Strategic Othering Through ‘African Australian’ As A Collective Identity: A View From African Background Young People In Melbourne
African migrants are one of the recent migrant cohorts to Australia who began arriving in the early 1980s. Today, Australia hosts one of the largest number of African migrant communities in the world. In 2006, there were about 248,700 persons of African descent in Australia; and this figure increased to about 300, 000 in the 2011 census. As minority groups, Africans struggle to adapt to the Australian society. Internally, Africans have huge array of ethnic, linguistic and cultural groups and members often organise themselves along these lines; however, externally Africans are collectively known as ‘African Australians’. This label displays a generalised image for all African descent people. The colloquial phrase can be interpreted in two ways: first as group identity that signals pan-African ethnicity; and second as Diasporic identity appealing to reconnect back to their motherland. Both applications seem to be positive. However, it remains unnoticed the ‘strategic othering’ effect engendered in such racialized or ethnicized identification. This paper discusses how the pan-ethnic identity perpetuates discourses of otherness as much as it creates Diasporic African identity. The study utilises qualitative inquiry among African background youth living in Melbourne, Australia’s second largest city, and home to the largest African migrant communities in Australia.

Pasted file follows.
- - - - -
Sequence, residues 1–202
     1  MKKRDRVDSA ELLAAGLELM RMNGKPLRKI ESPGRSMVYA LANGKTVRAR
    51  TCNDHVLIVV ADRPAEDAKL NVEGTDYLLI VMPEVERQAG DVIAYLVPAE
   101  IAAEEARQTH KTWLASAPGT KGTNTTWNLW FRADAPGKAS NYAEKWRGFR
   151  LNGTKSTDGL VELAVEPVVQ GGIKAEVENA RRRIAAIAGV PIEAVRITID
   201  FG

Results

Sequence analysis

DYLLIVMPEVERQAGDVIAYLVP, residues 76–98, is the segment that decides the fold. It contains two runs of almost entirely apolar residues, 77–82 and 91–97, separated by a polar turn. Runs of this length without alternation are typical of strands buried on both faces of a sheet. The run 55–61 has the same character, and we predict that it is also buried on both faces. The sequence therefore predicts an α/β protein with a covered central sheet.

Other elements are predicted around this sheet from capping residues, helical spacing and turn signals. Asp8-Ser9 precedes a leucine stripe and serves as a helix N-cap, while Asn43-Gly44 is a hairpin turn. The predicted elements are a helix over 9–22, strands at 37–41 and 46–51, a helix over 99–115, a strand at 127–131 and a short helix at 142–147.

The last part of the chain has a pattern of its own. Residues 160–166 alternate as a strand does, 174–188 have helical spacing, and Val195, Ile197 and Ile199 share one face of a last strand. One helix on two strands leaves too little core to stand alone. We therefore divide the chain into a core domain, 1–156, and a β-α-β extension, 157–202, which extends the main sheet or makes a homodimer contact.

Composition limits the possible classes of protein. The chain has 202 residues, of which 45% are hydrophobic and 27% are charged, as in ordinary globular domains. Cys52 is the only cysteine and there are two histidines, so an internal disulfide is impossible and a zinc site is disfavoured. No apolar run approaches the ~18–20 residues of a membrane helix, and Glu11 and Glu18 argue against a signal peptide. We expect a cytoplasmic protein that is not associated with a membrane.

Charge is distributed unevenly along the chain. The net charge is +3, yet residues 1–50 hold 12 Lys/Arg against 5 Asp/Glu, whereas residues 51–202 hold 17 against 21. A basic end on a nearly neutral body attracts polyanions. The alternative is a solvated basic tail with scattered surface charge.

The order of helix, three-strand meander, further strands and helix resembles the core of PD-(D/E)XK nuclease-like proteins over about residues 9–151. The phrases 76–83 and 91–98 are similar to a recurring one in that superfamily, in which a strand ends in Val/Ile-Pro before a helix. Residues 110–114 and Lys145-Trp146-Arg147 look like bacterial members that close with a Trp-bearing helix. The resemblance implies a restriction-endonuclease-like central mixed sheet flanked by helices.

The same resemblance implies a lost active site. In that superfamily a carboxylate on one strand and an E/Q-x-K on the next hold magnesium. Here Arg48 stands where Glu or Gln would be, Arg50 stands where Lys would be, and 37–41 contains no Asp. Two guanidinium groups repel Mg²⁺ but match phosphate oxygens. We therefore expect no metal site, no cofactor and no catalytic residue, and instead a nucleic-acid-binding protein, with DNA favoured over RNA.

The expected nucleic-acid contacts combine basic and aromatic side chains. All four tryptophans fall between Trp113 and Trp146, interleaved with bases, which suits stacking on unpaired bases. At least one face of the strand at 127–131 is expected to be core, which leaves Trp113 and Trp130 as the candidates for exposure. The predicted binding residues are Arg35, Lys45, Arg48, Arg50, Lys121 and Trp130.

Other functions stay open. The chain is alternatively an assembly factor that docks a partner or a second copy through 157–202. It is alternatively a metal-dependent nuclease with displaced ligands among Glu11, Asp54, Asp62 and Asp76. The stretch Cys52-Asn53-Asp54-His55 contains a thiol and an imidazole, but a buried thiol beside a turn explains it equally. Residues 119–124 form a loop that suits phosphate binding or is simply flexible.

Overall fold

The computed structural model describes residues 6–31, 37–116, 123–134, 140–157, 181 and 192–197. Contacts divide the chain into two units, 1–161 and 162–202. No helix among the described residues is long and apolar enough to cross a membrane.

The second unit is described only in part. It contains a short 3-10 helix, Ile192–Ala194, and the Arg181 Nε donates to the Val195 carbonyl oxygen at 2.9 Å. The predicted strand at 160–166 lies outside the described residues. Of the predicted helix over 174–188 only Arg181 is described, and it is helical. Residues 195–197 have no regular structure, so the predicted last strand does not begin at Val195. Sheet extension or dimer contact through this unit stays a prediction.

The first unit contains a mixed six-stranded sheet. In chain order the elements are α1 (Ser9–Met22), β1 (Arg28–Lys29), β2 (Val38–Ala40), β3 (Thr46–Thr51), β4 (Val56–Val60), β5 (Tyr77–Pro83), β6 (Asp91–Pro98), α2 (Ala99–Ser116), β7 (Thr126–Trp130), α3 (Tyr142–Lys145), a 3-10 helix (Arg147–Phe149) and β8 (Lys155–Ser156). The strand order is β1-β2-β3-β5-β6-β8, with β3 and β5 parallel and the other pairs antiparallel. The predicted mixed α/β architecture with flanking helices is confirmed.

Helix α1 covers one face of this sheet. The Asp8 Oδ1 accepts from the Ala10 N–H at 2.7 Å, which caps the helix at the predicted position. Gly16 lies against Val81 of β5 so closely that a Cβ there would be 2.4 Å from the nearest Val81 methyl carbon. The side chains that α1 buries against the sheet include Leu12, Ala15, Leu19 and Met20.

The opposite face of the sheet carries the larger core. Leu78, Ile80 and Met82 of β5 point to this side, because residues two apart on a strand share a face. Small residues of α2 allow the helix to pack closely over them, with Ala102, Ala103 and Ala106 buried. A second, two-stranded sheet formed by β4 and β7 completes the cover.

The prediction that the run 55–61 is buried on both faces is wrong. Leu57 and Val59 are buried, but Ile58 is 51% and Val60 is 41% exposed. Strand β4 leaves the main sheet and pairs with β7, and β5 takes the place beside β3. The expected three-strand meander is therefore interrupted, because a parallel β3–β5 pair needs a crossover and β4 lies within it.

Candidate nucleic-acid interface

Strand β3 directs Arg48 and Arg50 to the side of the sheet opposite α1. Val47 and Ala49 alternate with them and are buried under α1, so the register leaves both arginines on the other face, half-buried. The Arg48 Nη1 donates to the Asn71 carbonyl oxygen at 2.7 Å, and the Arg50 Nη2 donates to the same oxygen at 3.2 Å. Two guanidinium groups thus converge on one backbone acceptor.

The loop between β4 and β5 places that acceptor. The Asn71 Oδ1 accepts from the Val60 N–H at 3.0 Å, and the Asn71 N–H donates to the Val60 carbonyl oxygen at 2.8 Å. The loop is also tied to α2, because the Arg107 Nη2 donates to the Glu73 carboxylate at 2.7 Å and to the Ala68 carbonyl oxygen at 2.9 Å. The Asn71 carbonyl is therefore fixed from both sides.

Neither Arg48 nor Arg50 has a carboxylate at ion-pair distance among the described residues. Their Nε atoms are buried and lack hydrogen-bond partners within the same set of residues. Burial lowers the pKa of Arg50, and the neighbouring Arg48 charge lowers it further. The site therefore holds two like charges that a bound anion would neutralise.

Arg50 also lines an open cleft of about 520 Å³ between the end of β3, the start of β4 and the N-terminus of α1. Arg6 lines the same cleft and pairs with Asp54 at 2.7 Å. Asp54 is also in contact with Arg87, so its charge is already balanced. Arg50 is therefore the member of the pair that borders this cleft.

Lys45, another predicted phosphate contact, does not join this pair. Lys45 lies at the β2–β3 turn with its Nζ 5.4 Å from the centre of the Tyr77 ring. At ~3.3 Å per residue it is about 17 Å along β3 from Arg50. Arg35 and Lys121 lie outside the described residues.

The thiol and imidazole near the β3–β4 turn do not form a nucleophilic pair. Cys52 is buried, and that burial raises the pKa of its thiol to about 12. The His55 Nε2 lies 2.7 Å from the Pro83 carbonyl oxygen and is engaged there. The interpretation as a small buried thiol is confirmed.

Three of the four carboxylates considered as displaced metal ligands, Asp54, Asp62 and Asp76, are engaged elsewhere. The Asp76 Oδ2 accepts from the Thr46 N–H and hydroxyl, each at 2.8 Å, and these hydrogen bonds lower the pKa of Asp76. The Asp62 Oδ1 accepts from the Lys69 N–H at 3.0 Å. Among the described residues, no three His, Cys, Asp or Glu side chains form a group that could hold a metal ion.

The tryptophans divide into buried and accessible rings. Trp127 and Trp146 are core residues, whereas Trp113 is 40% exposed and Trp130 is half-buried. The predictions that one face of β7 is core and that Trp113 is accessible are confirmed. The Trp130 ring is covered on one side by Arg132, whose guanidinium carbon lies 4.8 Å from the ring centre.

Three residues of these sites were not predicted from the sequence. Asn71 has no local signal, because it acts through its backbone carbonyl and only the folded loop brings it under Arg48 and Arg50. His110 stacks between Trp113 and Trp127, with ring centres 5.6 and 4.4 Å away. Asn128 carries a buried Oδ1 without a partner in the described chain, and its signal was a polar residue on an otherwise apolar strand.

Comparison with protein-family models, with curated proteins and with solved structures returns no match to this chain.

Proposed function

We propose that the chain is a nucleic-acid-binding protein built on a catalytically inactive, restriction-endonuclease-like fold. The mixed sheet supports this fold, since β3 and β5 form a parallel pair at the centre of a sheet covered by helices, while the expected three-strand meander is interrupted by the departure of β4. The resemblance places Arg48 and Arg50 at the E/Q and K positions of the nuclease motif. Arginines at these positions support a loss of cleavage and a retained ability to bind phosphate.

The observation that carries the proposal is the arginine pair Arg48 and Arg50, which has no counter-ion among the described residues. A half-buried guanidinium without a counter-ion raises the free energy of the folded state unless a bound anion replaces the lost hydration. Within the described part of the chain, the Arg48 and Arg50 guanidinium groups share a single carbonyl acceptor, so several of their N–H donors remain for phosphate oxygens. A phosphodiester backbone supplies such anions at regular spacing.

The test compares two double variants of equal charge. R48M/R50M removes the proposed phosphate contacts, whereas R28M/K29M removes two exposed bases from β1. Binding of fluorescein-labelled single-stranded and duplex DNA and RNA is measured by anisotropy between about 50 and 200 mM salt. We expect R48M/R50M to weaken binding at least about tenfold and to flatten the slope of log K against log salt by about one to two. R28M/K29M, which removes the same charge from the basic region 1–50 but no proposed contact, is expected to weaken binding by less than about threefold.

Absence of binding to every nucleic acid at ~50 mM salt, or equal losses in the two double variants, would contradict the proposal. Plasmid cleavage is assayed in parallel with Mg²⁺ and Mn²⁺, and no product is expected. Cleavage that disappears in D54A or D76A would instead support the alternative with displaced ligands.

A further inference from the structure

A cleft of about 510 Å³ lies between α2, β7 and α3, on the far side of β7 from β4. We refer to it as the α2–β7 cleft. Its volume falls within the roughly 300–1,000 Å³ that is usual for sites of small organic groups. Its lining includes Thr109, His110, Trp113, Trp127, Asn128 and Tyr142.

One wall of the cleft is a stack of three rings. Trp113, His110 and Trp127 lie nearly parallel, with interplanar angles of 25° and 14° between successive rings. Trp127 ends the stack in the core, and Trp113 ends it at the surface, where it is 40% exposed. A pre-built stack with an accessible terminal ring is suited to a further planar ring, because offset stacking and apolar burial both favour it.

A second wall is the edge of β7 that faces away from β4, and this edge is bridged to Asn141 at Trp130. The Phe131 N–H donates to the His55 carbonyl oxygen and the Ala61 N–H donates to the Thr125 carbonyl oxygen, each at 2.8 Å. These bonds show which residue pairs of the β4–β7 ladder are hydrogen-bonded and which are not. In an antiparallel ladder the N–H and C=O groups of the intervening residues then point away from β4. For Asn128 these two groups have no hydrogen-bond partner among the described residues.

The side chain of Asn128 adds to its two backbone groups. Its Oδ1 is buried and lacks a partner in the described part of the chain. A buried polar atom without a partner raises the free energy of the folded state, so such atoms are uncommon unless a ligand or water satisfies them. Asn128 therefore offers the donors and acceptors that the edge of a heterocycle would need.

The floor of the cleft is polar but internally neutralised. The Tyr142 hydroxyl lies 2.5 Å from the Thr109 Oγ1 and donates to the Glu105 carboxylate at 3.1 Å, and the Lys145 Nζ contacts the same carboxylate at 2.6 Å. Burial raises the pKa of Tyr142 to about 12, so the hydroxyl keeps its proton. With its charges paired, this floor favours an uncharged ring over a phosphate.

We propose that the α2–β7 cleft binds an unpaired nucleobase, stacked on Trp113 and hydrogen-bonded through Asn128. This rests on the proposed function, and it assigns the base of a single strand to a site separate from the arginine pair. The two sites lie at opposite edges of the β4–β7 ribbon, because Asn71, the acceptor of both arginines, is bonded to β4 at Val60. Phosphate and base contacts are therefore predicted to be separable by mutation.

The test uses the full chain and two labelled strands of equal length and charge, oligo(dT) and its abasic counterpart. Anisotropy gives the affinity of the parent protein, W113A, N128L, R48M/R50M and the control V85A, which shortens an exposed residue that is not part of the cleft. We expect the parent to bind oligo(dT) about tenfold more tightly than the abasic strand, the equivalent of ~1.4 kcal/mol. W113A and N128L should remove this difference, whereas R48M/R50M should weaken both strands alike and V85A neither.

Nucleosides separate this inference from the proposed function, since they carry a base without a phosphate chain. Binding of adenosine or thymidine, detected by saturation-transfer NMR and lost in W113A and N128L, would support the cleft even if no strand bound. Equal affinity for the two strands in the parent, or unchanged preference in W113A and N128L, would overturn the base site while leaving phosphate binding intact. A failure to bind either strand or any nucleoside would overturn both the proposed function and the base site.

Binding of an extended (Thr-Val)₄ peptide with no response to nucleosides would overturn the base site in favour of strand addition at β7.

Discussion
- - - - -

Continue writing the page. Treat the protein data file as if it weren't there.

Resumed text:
Key terms- African Australian, identity, Othering, pan-ethnicity